Odour and colour as cues for taste-avoidance learning in domestic chicks

Roper, Timothy J and Marples, Nicola M (1997) Odour and colour as cues for taste-avoidance learning in domestic chicks. Animal Behaviour, 53 (6). pp. 1241-1250. ISSN 0003-3472

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Abstract

In addition to being visually conspicuous, many chemically defended insects also produce olfactants when attacked. These olfactants may constitute ‘warning odours’, comparable in their effects to warning colours. This hypothesis was tested by examining the ability of two odours, almond and vanilla, to act as cues for avoidance of quinine-flavoured water in domestic chicks,Gallus gallus domesticusIn experiment 1, chicks were trained to avoid familiar-coloured quinine solution, novel-coloured solution, or novel-smelling solution. When the novel smell was almond it enhanced the rate of avoidance learning, as did the novel colour cue; but vanilla odour had no effect on rate of learning. In experiment 2, chicks were trained to avoid quinine solution that was paired with a compound cue involving both colour and odour. They were then tested in extinction with both cues, either cue alone, or neither cue. When the odour cue was almond it overshadowed the colour cue: chicks that had learned to avoid almond-smelling quinine solution of a particular colour subsequently avoided almond-smelling water and drank water that did not smell of almond, regardless of its colour. Vanilla odour, by contrast, exerted no control over behaviour when paired with a colour cue during acquisition. In experiment 3, chicks were trained to discriminate palatable from quinine-flavoured water when the latter was distinguished solely by an odour cue. The discrimination was learned more readily when the cue was almond than when it was vanilla; and a memory test revealed significant avoidance of almond odour, but not of vanilla, after 24 h. We conclude that odours can act as discriminative stimuli for taste-avoidance learning in birds and that they can sometimes exert more powerful control over behaviour than do visual cues. However, not all odours are equally efficacious. The results are discussed in relation to aposematism and mimicry.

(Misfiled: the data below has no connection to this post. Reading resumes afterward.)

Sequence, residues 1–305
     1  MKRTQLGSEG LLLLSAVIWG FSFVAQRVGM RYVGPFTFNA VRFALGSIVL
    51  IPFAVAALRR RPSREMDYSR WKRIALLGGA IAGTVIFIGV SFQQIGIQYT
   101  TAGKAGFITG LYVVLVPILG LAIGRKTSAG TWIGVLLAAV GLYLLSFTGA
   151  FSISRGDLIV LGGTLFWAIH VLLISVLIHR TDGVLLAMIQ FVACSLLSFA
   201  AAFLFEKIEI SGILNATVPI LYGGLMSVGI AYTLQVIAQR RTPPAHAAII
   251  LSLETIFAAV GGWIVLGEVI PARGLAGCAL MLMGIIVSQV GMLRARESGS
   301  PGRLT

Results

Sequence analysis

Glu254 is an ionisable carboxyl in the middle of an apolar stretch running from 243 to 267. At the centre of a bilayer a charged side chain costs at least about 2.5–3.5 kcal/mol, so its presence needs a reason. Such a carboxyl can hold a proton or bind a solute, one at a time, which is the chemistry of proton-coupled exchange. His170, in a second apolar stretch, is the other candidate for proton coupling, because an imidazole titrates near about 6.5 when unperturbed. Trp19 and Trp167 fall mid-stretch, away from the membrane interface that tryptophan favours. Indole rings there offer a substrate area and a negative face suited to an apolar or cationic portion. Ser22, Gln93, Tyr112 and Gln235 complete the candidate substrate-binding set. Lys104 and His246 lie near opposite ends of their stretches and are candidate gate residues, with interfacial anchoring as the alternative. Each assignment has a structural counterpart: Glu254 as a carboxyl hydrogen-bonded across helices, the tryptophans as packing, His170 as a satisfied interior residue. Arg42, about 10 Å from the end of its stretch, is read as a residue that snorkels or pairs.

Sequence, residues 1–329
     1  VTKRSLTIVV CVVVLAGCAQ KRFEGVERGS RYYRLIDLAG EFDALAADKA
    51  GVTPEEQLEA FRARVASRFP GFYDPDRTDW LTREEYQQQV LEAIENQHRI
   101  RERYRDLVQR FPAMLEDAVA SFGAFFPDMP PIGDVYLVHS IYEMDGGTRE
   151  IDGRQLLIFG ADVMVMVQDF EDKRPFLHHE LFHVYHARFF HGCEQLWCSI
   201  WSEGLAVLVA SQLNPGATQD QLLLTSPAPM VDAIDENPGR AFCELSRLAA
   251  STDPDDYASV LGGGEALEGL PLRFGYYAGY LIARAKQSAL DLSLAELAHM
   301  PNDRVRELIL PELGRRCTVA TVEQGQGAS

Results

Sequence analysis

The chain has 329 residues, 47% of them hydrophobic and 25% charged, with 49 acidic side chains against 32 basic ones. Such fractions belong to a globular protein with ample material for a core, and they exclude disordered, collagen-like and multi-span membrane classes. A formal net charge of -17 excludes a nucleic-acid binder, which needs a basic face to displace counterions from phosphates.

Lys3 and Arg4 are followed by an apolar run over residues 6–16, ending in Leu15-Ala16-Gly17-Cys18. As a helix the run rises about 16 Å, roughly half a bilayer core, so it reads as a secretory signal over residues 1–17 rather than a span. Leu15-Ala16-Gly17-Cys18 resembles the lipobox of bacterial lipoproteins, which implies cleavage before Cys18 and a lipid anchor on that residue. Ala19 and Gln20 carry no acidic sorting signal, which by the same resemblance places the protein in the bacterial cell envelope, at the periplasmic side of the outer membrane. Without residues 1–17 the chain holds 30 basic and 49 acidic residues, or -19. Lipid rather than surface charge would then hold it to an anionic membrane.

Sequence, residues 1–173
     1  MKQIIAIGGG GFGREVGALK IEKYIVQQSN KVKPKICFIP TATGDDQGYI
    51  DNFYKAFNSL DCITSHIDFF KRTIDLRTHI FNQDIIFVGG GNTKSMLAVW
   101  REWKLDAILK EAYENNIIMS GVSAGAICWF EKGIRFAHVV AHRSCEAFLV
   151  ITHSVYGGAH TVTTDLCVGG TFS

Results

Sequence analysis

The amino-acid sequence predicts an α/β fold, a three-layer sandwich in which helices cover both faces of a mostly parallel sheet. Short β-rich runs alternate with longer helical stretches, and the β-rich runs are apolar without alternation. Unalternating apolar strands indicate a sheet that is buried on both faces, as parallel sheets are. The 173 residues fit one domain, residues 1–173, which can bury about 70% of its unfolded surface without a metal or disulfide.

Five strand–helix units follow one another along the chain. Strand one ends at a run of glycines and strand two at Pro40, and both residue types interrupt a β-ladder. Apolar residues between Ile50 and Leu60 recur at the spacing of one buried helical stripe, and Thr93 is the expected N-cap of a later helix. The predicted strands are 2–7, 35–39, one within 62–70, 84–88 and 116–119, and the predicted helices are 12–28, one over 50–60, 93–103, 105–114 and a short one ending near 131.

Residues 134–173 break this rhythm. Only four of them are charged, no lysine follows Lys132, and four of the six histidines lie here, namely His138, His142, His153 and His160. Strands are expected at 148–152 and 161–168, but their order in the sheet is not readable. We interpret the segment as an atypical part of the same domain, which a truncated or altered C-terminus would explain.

Item Type: Article
Additional Information: The work described in this paper was reported by Science et Vie (France) in Oct 97 and was the subject of a BBC Radio World Service interview in September 97
Schools and Departments: School of Life Sciences > Biology and Environmental Science
Depositing User: Timothy Roper
Date Deposited: 06 Feb 2012 19:33
Last Modified: 20 Sep 2012 13:46
URI: http://sro.sussex.ac.uk/id/eprint/21195
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